Last night's Warehouse 13 was another one where things felt a bit muddled — what was the point of all that time-traveling, exactly? But the beautiful coda almost made the whole thing worth while. Spoilers ahead...
So full disclosure here — I'm picky about time travel stories. I love time travel when it's done right, but I feel like it's often not done that well, especially on television. And one of my pet peeves is the deterministic time travel story, where the only reason why people bother to travel in time is because they've already traveled in time. I know this works for some people, but it always bothers me a lot.
Why exactly did Pete and Myka have to travel back nearly 50 years? And why did they have to be in such a hurry to do it, instead of waiting for Artie to get back so they could get his opinion? It seemed like the only reason they traveled back to the past was because of the film and Jack and Rebecca's memory loss, proving that they'd already done it. Which is a silly reason to do something — if anybody ever presents me with incontrovertible proof that I'm going to do something in the future, I'll assume that the future can take care of itself. I won't take positive steps to make that future happen, since it's already predestined anyway.
Worst of all, not only did Pete and Myka not really accomplish anything by traveling back in time, they actually made things worse — by ruining David Anders' life. (Okay, it's payback for him ruining the second season of Heroes, but still.) Seriously, do you really think that Jack and Rebecca wouldn't have done as good a job as Pete and Myka of figuring out the truth about the dagger and who was using it? But because Pete and Myka are inhabiting Jack and Rebecca's bodies, they're unable to clear Jonah Riatt's name, forcing him to go on the run until he dies. Good job, guys.
There's also the fact that if you can't change the past, there's not all that much reason to travel back in time anyway — and there's absolutely no reason to make a film telling your past to travel back in time, if you know it's already destined to happen. Why bother?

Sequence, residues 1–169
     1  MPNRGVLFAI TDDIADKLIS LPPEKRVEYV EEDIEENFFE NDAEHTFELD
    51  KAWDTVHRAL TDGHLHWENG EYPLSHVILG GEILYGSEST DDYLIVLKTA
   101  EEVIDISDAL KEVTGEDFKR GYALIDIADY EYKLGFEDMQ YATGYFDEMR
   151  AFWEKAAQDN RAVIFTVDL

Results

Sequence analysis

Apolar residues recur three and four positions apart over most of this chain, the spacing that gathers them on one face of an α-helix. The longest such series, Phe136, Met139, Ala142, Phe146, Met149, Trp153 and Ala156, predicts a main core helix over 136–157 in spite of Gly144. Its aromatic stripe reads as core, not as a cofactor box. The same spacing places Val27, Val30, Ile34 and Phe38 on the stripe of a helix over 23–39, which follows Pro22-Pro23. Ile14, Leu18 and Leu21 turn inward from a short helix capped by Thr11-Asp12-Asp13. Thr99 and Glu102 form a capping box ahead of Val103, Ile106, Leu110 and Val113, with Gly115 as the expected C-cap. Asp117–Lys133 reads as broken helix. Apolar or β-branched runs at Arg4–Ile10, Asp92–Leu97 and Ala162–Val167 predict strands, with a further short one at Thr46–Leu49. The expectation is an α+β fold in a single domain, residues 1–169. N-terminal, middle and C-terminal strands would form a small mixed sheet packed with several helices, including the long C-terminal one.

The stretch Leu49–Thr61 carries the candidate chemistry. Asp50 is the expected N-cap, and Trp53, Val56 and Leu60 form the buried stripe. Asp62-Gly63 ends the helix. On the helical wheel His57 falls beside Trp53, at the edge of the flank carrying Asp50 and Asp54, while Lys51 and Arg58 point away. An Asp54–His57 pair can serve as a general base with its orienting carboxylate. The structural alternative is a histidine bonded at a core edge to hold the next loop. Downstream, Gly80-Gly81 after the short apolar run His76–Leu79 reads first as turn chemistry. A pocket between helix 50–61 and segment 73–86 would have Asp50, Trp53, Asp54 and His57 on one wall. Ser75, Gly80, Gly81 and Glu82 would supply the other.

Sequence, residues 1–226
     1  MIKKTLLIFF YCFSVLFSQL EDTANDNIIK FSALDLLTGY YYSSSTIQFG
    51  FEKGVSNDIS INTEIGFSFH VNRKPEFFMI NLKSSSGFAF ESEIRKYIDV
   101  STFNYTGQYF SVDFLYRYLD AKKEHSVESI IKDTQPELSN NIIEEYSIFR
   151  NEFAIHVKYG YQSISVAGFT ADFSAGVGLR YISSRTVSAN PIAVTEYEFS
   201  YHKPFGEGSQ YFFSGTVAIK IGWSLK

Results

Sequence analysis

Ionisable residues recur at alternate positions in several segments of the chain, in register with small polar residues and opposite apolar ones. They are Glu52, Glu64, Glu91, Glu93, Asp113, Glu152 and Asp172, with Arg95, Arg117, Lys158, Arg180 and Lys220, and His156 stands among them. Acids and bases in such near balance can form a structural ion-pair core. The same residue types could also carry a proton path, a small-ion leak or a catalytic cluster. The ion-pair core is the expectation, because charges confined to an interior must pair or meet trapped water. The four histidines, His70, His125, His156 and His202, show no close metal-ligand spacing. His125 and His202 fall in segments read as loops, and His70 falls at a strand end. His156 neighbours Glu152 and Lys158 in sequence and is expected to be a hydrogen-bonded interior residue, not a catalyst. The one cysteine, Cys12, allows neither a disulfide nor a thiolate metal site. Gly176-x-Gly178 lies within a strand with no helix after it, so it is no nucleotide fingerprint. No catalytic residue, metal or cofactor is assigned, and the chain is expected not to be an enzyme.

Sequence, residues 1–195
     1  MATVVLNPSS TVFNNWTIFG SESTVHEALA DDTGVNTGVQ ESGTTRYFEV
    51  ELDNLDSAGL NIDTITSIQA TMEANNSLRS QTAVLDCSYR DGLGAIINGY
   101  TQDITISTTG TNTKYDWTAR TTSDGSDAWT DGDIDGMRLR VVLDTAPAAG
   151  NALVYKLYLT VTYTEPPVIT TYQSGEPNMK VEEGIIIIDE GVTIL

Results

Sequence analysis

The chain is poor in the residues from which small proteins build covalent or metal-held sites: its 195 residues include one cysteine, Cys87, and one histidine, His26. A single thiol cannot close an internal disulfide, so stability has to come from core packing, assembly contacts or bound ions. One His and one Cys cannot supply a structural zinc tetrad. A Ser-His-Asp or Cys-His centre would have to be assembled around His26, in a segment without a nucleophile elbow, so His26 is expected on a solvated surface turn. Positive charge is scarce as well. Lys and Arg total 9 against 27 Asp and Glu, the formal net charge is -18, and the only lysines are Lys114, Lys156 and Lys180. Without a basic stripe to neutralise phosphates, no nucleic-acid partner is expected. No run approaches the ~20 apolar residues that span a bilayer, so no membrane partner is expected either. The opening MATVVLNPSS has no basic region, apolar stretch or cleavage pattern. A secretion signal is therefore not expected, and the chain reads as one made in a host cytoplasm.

Like I said, I'm picky about time travel stories.
I did like some of the cute 1960s moments, and Pete's fixation on the fact that steaks only cost a dollar in 1961 is pretty great. And of course, I'm thrilled at the continuing run of great Star Trek: Deep Space Nine guest stars, with Armin Shimerman playing Charlie the Warehouse 13 boss in 1961. Here's hoping we see more of him — maybe he can get bronzed and meet up with Rene Auberjonois' character, who also worked at the Warehouse in the past. And consider this a vote for an Avery Brooks cameo next. Oh, and I felt cheated that we didn't get to meet the Mrs. Frederic of 1961. Who, I'm guessing, looks exactly the same as she does now.
I also loved Artie's surliness being cranked up to 11, thanks to his disgruntlement about H.G. Wells being reinstated. His sarcasm got so extreme, with the "have a gold star" and "we'll get dinner" stuff, that he almost looped around and became sincere. And was I the only one hoping that Artie and Myka were going to go off on assignment together?
Like I said, the little coda at the end, where Rebecca gets to travel back in time and see Jack one more time — and it turns out she initiated the kiss that brought them together in the first place — almost made the whole shebang worthwhile. Even though I saw it coming from a ways off, I still thought it was really lovely.
All in all, though, this was the second episode in a row that felt muddled and unformed — the whole thing about the 1960s seemed like it was lurching towards something and never quite got there. All of the little visual nods to Mad Men, the idea that David Anders' character seemed like just another sexist philandering jerk but he actually saw the creativity and intelligence of these women and wanted them to help him run the magazine, etc. It was barely dealt with at all, but there was a lot more cleverness in that setup than there was in any of the time-travel hijinks.
But what did you think?